To rehearse or not to rehearse… that is the question
Sandra Davis, Director, notes that the very best actors make the time to practice. The same should go for corporate performers.
Just like picking salad over fries, we know that rehearsing a presentation or pitch is the right thing to do. But most people are perfectly capable of justifying the ‘wrong’ decision.
So, does rehearsing really make a difference? The simple answer is: ‘Yes’. It applies even if you know your content really well; even if you know the audience really well; and even if it is going to be super difficult to find the time.
And especially if you have invested your time in refining the content.
Three key reasons:
- To enhance your effectiveness;
- Because written and spoken language are not the same; and
- Presentations and conversations have very different rules.
A bit more detail…
1. Enhancing effectiveness
Imagine you are going to see a play in London’s West End (in a non-COVID 19 world) staring Judi Dench or James McAvoy. You would be truly shocked if they had not been to rehearsals. They would not tread the boards without rehearsing. No-one questions their ability to act, but they know that if they are to deliver their best performance, they need to rehearse.
Because how you say the words matters. For people to listen, there needs to be variety in both pitch and pace of delivery. A sustained monotone, evenly-paced delivery is soothing, but boring. Also, how you use your voice adds meaning:
- Speeding up denotes energy and enthusiasm;
- Slowing down acts like a verbal highlighter, directing the audience to important pieces of information; and
- A long pause builds suspense, indicating that the next thing you will say is important.
2. Written or spoken language?
A simple truth: we don’t speak the way we write. Spoken language is less formal, more conversational – we have a name for it ‘colloquial’.
We can decode complex sentence structures when we are reading before by the age of ten, but it is incredibly difficult to do when we are listening, at any age. We use rhetorical devices such as repetition to draw attention to important points – which look odd on the page. And some words and phrases are simply hard to say.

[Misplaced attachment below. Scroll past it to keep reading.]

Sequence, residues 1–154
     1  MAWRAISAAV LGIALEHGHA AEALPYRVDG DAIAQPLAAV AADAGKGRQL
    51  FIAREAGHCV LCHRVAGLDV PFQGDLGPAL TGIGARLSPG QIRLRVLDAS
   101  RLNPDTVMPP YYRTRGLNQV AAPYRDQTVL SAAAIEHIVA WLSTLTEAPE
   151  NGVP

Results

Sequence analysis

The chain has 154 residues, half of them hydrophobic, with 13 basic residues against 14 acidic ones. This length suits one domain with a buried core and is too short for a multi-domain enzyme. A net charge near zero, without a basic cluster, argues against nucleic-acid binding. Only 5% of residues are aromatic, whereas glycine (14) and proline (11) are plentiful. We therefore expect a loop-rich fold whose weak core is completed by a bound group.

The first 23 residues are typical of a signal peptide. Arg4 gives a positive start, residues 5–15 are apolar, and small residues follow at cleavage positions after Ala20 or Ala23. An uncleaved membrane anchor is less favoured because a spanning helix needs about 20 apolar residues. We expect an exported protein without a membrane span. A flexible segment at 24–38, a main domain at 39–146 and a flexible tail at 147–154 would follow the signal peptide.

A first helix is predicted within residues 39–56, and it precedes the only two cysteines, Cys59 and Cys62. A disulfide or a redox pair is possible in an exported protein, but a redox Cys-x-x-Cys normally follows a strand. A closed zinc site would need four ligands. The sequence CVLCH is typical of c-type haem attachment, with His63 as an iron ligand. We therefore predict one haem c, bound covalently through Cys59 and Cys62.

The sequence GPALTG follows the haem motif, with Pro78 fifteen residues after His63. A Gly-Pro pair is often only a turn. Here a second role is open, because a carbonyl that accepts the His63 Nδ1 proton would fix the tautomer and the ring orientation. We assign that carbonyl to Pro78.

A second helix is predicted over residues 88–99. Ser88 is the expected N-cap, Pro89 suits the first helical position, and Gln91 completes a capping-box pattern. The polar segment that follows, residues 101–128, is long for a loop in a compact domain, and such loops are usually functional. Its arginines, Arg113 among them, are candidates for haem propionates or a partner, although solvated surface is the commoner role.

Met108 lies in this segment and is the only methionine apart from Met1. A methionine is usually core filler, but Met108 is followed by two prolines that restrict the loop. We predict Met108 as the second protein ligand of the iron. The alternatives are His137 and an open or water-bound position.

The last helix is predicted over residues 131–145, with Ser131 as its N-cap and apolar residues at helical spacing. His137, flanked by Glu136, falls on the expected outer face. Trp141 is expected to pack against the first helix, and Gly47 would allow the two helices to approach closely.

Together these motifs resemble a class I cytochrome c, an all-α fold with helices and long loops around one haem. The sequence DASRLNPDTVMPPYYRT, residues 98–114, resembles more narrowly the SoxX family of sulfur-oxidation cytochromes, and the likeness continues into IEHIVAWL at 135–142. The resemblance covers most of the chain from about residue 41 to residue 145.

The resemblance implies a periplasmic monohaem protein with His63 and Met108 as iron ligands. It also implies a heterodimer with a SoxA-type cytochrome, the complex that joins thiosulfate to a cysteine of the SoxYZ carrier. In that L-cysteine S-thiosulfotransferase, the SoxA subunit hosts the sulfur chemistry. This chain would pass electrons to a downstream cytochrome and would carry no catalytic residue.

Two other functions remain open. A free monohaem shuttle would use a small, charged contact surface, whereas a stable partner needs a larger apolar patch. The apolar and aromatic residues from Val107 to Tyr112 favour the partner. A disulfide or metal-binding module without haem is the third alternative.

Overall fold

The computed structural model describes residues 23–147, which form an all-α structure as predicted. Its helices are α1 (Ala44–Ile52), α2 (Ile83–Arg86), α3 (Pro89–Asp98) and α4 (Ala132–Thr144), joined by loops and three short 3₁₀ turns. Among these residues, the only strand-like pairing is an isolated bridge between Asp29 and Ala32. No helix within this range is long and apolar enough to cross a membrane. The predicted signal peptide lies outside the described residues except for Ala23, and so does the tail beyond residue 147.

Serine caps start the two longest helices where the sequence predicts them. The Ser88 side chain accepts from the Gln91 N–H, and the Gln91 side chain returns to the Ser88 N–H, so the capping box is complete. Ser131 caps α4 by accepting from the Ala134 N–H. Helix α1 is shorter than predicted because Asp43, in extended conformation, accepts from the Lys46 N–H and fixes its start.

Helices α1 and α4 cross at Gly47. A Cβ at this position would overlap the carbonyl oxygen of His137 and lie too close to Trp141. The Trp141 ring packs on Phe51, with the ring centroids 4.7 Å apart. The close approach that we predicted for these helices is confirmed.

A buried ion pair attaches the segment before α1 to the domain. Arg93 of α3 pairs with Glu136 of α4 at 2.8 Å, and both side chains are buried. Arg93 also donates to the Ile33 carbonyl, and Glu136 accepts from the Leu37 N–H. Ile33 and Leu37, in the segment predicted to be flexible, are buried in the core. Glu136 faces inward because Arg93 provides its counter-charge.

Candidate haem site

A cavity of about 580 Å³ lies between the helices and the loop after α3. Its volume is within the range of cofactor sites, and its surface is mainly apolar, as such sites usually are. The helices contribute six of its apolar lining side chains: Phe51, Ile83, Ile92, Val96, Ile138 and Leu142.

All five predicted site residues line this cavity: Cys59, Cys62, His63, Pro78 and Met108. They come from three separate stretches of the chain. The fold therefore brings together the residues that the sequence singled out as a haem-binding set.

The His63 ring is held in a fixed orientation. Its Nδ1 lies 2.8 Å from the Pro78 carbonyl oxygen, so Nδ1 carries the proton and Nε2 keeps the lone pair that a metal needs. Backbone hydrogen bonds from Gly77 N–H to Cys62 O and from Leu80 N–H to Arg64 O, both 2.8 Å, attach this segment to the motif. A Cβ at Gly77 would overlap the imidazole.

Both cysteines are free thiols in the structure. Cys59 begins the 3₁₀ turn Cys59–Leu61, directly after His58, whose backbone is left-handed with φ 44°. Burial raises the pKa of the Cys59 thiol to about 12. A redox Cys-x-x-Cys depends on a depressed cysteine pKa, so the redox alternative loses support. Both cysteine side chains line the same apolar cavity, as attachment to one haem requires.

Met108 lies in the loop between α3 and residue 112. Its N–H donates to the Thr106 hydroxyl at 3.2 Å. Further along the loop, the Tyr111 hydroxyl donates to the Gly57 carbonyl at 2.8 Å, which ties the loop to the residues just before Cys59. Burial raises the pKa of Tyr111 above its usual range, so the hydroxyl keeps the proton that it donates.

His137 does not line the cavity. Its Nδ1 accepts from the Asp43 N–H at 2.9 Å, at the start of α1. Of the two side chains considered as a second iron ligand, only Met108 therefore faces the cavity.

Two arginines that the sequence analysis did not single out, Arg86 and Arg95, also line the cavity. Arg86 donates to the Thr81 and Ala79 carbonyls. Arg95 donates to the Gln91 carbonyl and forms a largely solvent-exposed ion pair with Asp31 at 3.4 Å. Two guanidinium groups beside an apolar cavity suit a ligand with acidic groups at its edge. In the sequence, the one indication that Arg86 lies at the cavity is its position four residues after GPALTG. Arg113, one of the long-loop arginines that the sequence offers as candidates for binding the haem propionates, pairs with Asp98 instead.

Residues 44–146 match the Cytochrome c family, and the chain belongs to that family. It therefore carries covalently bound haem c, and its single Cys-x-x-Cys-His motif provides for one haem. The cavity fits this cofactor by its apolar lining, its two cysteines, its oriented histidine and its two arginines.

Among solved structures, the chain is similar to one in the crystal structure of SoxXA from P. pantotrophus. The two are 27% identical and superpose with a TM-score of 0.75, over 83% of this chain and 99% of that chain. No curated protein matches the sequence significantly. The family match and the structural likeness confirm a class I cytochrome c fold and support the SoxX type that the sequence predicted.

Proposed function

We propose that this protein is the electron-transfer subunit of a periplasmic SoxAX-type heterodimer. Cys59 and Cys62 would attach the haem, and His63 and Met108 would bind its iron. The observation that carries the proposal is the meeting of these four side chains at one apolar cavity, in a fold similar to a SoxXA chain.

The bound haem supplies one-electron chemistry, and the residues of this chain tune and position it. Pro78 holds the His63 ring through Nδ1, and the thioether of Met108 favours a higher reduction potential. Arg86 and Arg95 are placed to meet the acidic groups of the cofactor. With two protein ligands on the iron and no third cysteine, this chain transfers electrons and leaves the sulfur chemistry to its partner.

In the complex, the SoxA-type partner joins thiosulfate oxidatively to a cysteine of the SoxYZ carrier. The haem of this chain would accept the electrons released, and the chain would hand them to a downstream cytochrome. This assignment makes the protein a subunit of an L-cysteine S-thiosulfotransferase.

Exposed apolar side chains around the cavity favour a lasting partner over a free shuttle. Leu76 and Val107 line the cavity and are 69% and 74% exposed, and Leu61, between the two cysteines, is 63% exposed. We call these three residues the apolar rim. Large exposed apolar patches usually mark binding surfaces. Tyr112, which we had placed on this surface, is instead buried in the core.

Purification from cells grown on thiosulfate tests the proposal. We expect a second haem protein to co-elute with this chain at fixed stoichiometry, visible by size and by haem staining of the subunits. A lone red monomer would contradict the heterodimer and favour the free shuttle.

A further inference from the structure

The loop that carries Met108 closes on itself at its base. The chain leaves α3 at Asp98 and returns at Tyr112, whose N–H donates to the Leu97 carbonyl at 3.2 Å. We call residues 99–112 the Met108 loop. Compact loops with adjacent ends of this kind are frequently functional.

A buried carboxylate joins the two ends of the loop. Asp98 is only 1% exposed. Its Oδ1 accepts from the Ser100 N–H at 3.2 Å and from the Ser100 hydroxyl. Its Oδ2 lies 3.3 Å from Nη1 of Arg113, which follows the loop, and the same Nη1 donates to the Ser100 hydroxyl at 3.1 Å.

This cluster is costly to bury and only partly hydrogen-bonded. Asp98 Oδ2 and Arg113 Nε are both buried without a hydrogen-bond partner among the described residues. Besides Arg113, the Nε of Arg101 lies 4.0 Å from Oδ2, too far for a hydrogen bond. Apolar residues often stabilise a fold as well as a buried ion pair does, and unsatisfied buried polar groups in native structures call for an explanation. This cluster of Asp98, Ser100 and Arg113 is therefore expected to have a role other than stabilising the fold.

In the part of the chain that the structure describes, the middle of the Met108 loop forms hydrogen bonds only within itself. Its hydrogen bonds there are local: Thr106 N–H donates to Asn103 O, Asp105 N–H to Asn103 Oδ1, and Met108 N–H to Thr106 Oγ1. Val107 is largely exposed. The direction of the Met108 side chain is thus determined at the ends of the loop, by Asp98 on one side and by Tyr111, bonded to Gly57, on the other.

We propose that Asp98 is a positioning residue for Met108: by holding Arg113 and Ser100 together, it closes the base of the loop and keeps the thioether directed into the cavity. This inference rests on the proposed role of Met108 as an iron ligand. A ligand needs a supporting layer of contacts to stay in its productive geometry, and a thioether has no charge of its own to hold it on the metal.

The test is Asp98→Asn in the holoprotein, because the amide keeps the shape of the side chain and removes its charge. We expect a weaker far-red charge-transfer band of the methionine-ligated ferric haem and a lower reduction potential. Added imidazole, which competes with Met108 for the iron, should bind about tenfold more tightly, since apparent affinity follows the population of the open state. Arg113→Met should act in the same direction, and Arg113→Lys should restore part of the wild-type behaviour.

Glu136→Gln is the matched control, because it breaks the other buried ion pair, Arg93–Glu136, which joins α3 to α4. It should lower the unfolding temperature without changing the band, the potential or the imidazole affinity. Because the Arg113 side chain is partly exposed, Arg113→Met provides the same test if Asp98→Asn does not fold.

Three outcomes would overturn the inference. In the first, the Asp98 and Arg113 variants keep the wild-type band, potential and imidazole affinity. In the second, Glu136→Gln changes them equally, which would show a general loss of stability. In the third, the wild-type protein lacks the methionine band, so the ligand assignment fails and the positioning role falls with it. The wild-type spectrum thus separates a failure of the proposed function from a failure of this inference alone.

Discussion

It is incredibly difficult to evaluate all of this in your head. It is not until you say your speech out loud that you can truly test whether your content sounds like something you would say.
3. Presentations versus conversations
Presentations are not conversations. They have a different set of rules. It would be an odd presentation indeed if you were only sharing information that the audience already knew. As such, they need more time to digest it than they would in a normal conversation.
Slower speech rates help. That is not to say you need to speak slowly all the time (particularly bearing in mind point 1) but you need more pausing than you would use conversationally. Shorter sentences help achieve this. But it feels strange.
We don’t like pauses – we call it ‘uncomfortable silence’. So we fill them with ‘ums’ and ‘er’s or words or phrases that add nothing to your messaging such as ‘you know’ or ‘basically’. A few of these is fine, of course. But more than a few and they start to become intrusive to the listener, and when they become a regular feature in your speech they become an unhelpful focal point and can make you look unprepared and incompetent. Rehearsing aloud will help you embrace the silence and reduce the fillers.
We’re not saying this is easy. Feedback helps. Record yourself and play back to see how you are doing. Even better, use the Bladonmore SayMore app (available to download) to get feedback on different aspects of your delivery such as your speech rate and whether you are letting filler words dominate.
In our experience the presenters who make it look easy are the ones who have spent the most time working on their content and practicing their delivery. Rehearsal = higher performance = more effective outcomes to your presentation. It’s all about your story, well told.